Report: Closure of OPD’s Juvenile Intake Desk Was a Big Mistake

As the Express reported in November, the 2005 closure of the Oakland Police Department’s Juvenile Intake Desk resulted in a drastic reduction in juvenile arrests and referrals to detention alternatives. It also led to an attitude of disengagement among officers toward juvenile crime, and the loss of juvenile case files even while juvenile crime was on the rise. Police Chief Wayne Tucker closed the 24-7 juvenile processing unit so save money, partly because the desk — which dated back to the ’60s and once employed as many as sixty people — didn’t have much of a staff left.

Well, after intense lobbying from Lt. Kevin Wiley of the Youth and Family Services Division, the department reinstated its juvenile desk in March with one sergeant and five officers. A new report prepared by Wiley corroborates just how sorely missed the desk was.
Among his findings:

  • Missing persons cases were not processed and/or followed-up in a timely fashion, resulting in a near doubling of the Missing Persons Unit caseload.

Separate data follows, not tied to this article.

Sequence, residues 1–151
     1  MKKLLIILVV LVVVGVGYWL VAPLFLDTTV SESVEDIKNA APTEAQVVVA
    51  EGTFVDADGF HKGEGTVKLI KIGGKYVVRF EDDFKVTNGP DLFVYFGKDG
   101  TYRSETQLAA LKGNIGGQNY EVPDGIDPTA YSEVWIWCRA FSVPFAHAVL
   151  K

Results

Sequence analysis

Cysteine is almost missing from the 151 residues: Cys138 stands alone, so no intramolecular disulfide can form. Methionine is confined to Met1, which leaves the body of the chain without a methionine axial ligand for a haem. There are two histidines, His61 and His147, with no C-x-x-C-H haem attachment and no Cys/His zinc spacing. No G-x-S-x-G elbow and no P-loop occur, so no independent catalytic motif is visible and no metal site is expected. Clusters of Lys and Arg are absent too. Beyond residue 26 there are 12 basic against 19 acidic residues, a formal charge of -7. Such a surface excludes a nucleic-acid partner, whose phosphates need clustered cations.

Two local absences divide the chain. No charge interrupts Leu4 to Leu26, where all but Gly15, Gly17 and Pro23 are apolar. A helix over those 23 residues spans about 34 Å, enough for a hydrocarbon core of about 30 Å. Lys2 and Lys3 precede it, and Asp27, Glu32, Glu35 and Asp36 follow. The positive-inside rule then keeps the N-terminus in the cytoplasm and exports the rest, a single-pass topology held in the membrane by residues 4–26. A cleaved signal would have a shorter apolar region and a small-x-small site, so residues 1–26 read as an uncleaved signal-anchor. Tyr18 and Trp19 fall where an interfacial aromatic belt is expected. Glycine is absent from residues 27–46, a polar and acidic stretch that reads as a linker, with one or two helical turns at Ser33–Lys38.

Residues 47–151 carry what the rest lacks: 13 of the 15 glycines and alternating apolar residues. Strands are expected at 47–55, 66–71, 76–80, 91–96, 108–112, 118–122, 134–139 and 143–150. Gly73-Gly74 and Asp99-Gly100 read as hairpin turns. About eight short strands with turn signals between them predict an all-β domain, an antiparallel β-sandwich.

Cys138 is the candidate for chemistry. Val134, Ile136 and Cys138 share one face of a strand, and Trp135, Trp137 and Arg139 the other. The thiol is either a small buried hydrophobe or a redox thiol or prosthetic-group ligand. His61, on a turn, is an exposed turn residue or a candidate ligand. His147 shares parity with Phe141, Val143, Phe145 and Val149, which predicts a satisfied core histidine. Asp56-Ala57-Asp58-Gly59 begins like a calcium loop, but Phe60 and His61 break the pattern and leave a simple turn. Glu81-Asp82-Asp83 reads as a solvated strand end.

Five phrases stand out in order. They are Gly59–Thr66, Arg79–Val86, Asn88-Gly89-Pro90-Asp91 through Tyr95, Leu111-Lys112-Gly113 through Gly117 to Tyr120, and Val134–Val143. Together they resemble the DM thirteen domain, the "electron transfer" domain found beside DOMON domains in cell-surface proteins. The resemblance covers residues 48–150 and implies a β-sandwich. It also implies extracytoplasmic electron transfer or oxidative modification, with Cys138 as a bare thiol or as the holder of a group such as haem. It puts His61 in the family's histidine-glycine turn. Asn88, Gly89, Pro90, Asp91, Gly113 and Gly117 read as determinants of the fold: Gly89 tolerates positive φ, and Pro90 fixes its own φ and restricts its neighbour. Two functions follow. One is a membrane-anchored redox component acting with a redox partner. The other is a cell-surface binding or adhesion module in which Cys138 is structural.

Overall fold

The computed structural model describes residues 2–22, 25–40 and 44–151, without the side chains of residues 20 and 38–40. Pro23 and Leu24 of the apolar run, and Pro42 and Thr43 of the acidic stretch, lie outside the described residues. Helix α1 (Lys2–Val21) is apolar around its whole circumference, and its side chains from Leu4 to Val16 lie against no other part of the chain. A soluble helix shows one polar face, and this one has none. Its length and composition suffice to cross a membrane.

• Nearly nine thousand juvenile records were thrown away.
  • Without help in screening juveniles, patrol officers opted to send offenders to Juvenile Hall or simply release them without evaluation or follow-up.
  • Many minor offenses went unrecorded and, as a result, some offenders were given second chances when they didn’t deserve them.
  • Youth issues weren’t a priority for OPD during the desk’s closure.
  • Since it has reopened, the city has seen a more than four-fold spike in juvenile arrests – from 16 in February to 67 in April.


    Newsletter sign-up

    eLert sign-up

    scattered clouds
    57.1 ° F
    66.2 °
    51.2 °
    90 %
    40 %
    69 °
    68 °
    66 °
    66 °
    66 °
    Support the East Bay Express, local news, donate